Yes, yes it is.  In part because I was like many of my academic peers, a snob about industry science.  But also because academia builds its own mythology of failure and prejudice around potentially fulfilling careers in business, government, etc.  A simple example demonstrates this.  I remember talking to one friend (now a prof) during my PhD about how I was quite worried about my competitive abilities to make it to a t-t job.  The response, "Oh don't worry you could just find a biotech company or something and go do marker work with them."

This statement belies that mass delusion and disapproval that pervades the academic halls.  My response to it also carried the same distaste but in addition had an implicit fear of failure.  I was angry because she had unjustly labeled my science as not up to "academic standards." But really, given the crap I have to wade through in journal after journal just to find good science, and if I knew the high level science that industry did, I would have been able to see that as a compliment.

The future, I think, looks bright and exciting.

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Guest Comment

Your timing couldn't be more impeccable. I am a senior PhD student. I worked in industry before coming back to graduate school because the PhD was on my bucket list. I was asked by my advisor this week whether I had started looking for a postdoc, but after four years of being beaten over the head on a daily basis there is a part of me that wants nothing to do with the Ivory Tower and wants to go back to the good life I had with my spouse before the PhD. There is also a part of me that can't bear to leave, because I feel like all the women leave in our field. Less than 15% TT faculty in my field is embarassing.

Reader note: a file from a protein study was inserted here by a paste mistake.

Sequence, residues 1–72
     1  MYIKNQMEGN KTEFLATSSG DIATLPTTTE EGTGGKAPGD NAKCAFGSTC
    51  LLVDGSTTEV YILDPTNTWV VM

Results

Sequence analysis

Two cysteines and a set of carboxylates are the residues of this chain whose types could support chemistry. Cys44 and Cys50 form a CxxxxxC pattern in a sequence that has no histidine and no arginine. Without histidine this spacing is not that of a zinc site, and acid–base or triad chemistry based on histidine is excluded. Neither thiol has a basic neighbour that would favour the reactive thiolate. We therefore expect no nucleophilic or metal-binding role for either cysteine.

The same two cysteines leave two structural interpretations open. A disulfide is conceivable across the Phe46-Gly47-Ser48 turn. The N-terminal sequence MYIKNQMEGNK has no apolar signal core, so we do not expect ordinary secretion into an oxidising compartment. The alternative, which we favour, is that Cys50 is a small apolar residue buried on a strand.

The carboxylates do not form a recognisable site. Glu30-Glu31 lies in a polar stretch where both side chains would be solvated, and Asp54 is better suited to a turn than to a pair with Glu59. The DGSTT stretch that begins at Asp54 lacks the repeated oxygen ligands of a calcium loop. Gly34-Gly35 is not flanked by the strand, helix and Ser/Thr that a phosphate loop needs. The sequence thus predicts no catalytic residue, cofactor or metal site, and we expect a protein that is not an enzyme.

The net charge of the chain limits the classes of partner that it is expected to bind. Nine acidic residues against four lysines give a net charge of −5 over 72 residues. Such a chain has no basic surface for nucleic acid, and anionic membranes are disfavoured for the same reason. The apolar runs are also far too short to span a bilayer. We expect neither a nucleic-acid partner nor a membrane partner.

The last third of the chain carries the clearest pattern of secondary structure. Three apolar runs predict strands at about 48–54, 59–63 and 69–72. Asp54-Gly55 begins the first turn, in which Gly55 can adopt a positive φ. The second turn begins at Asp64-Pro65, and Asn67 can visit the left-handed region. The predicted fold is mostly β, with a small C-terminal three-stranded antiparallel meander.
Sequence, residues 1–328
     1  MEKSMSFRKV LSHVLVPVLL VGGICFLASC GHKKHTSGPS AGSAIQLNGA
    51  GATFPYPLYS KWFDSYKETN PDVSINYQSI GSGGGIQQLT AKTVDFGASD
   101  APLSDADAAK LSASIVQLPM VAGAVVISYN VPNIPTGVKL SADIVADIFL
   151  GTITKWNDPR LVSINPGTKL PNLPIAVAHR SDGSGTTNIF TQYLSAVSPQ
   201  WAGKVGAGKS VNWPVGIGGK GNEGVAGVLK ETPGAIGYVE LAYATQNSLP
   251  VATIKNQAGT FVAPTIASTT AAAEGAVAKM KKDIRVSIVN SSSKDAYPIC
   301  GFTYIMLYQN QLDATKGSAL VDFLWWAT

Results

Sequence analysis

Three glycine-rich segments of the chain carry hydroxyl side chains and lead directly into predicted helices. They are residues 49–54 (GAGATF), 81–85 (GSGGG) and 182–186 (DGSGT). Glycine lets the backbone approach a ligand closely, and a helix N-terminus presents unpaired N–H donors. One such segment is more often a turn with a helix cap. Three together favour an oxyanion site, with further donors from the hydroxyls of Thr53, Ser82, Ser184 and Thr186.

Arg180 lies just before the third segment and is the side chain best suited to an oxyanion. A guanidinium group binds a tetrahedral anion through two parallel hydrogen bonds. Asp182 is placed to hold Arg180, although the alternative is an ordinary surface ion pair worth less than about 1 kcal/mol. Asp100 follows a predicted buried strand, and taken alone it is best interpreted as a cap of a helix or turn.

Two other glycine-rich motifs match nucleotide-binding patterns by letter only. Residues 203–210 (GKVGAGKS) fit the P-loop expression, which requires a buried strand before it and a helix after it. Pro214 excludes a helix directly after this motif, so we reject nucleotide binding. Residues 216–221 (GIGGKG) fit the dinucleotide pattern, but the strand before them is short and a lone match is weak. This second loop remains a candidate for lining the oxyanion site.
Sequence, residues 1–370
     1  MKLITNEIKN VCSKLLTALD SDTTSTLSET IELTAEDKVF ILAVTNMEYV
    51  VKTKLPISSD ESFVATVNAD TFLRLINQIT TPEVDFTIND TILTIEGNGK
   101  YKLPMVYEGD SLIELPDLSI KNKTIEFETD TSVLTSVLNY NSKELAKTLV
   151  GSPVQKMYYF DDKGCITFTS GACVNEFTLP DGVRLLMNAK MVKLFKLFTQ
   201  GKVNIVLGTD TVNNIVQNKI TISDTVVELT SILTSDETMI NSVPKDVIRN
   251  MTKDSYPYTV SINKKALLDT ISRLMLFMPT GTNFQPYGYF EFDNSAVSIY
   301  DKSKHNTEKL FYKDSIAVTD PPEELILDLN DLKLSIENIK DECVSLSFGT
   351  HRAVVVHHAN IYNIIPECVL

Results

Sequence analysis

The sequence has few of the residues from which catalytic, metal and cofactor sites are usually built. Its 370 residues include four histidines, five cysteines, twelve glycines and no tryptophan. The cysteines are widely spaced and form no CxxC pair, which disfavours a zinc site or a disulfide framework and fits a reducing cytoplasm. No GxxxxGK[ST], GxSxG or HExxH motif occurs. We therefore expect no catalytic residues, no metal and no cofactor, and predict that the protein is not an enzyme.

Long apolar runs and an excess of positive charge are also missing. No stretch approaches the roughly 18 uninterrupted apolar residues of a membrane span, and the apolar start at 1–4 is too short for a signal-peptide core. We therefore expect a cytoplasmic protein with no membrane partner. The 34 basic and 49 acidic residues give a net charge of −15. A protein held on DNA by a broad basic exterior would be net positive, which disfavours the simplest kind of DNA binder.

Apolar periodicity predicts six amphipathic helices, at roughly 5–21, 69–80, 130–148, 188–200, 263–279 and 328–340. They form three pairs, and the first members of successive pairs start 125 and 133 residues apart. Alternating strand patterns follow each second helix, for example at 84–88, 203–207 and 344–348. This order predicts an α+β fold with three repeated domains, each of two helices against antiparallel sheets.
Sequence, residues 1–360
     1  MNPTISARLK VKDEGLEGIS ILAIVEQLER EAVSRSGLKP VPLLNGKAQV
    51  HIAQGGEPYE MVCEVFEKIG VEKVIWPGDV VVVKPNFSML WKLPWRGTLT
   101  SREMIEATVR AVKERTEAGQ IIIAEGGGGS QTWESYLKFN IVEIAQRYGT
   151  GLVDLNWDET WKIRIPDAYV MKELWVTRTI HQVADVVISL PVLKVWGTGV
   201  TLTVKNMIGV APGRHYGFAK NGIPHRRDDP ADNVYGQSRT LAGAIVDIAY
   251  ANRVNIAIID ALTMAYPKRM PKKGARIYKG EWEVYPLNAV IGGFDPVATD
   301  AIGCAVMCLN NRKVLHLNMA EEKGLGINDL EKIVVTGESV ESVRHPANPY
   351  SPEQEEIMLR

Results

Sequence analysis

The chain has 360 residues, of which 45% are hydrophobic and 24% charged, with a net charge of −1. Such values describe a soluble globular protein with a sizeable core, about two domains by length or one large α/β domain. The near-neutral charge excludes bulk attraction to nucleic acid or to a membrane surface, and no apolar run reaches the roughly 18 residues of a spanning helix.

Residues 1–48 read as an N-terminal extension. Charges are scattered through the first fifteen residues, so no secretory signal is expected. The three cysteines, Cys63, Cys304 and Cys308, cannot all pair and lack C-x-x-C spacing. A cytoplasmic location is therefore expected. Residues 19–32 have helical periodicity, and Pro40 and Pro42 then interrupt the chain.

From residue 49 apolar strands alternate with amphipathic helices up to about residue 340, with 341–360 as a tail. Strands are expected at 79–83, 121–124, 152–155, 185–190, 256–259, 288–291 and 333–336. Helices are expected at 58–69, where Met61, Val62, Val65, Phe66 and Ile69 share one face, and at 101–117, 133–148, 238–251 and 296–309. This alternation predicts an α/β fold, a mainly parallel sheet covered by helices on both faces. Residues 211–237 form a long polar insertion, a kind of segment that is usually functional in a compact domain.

While I know that there is no magic answer that is right for everyone, I am glad to know I am not wading through this thought process alone.

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You are most definitely not alone.  I have three female postdocs friends, who have decided to leave academia -  they too feel terrible - but really is their/our job to sacrifice a work-life balance just to increase female representation?

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Exactly, I plan on my PhD then out of acedemia and my colleagues really look down on me for it, but I think thats where I can make more difference in the world and still have some life... but thats just me


Guest Comment

Dear Canadian Girl Postdoc,

thanks for this post. After doing an internship in academia this summer, I was beginning to despair about choosing to go into the sciences instead of some more professionally oriented career. Everywhere the only talk I heard was publicaton this, journal that, authorship, getting higher in the ranks etc. And where had all the joy and fun of expanding one's knowledge and doing science for the fun of it gone?

I had my doubts about working in industry labs, but this post has certainly dispelled them. I am not looking to make myself famous with gazillion publication if it means that I have to publish work that is not truly meaningful. I want to collaborate and make cool stuff that will become meaningful either to the field or to people.


Love your blog, by the way.

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@Alchemytress Good for you!



Thanks!  Good to hear that what I write is helpful.  One of the best ways to learn about industry science is to talk to the scientists directly.  Often because data and methodology is proprietary talks by industry scientists can seem uninteresting, sparse and superficial.  I think because of that it hasn't had the same type of PR that academic science has had.